|quine: terms in translation|
quine home > confirmational holism
Confirmational holism is a view that is extremely important to the empiricist movement. Confirmational holism states that when a hypothesis is proven by empirical means, then all underlying theories that correspond to that hypothesis are also proven. This is extremely important in regards to furthering our understanding of the world. Philosophy can easily get hung up or hit a stopping block as a result of instances such as mathematical theory being based on previous mathematical theory. It would seem that an almost endless series of proofs must be confirmed in order to even get to the hypothesis that is based on empirical findings. However, confirmational holism allows hypotheses as a whole to be verified by finding them in nature (Bueno). Furthermore, confirmational holism takes naturalism one step further. Naturalism in short is a scientific process of observing nature. From this scientific process, a person can be more certain of asserting statements about the world. However, naturalism on its own does not truly confirm anything. This is where confirmational holism steps up and takes over. If naturalism can formulate a statement that is more probable then not, and there are mathematical hypotheses that coincide with this statement, then everything is confirmed (Colyvan).
An example that one may study in Physics II would be the hypothesis that light has wave properties as well as particle properties. During the nineteenth century diffraction patterns had already been observed in light. This would indicate that light has wave properties. However, scientists still adhered to Newton's view that light was simply particles and made the case that if light truly did have wave properties, then shining light on a sphere would create a bright spot in the middle of the shadow. (The diffraction patterns and the bright spot in the middle of the sphere's shadow would have to do with waves interfering with one another constructively and destructively.) An experiment was done, and sure enough it was found in nature that a bright spot existed in the middle of the sphere's shadow. This clinched the theory that light has wave properties as well as particle properties (Halliday 891-892).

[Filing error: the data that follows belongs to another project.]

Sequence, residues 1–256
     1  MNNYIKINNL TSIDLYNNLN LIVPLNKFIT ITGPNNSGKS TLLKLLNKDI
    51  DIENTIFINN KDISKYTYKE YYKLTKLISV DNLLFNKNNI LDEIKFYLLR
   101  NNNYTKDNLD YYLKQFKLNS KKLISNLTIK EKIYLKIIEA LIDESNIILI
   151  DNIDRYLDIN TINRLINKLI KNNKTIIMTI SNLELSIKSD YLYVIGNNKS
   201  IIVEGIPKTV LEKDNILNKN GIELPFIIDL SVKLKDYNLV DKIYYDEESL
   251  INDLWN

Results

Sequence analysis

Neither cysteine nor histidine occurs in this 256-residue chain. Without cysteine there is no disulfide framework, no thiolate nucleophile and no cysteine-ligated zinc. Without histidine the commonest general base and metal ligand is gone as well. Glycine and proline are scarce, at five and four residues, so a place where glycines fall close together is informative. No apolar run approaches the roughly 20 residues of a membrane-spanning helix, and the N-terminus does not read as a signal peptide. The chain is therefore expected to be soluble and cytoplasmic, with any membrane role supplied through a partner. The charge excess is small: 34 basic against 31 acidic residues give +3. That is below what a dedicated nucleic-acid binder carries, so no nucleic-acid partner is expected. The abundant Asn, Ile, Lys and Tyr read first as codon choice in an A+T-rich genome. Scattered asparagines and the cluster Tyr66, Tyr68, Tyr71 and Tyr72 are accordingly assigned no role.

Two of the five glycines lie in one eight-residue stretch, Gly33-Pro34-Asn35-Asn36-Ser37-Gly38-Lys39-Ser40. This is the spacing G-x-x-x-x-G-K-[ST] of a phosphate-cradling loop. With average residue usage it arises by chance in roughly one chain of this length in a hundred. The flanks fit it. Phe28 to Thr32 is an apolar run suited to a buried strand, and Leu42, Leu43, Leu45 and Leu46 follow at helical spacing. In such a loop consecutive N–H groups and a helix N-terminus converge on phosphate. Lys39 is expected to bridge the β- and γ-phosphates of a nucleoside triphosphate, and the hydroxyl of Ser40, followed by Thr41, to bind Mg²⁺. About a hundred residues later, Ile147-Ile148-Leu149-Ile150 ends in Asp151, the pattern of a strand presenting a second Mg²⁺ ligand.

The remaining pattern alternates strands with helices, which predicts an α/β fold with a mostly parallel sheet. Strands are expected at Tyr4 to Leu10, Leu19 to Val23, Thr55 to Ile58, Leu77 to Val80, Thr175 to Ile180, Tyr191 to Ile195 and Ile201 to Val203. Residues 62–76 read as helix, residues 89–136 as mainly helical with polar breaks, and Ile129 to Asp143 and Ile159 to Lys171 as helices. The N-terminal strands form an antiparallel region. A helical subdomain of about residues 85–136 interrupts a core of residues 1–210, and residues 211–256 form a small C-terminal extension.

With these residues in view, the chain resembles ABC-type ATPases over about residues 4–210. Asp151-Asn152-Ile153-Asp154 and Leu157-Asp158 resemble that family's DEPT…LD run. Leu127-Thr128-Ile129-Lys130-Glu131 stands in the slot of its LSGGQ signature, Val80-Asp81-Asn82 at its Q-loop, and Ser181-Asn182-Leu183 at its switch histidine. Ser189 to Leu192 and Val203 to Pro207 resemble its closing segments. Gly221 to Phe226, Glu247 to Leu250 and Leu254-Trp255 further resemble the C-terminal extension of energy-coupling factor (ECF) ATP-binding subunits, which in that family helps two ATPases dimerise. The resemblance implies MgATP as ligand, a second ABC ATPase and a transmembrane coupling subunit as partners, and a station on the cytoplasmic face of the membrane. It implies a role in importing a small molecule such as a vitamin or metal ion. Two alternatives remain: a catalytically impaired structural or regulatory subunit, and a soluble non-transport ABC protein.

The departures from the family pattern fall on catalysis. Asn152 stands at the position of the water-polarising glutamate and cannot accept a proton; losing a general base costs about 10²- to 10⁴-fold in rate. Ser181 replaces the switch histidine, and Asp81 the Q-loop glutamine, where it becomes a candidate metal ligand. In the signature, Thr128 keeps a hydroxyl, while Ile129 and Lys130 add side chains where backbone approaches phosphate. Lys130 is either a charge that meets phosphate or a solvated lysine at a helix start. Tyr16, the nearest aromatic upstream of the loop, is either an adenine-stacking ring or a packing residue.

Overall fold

Bueno, Otavio. "Application of Mathematics and Underdetermination" in Claudio Delrieux and Javier Legris (eds.), Computer Modeling of Scientific Reasoning. (Bahia Blanca: Ediuns) 2003.
Colyvan, Mark, "Indispensability Arguments in the Philosophy of Mathematics", The Stanford Encyclopedia of Philosophy (Fall 2003 Edition), Edward N. Zalta (ed.), URL=http://plato.stanford.edu/archives/fall2003/entries/mathphil-indis
Halliday, David, Robert Resmick and Jearl Walker. Fundamentals of Physics. 6th edition. John Wiley & Sons, 2001.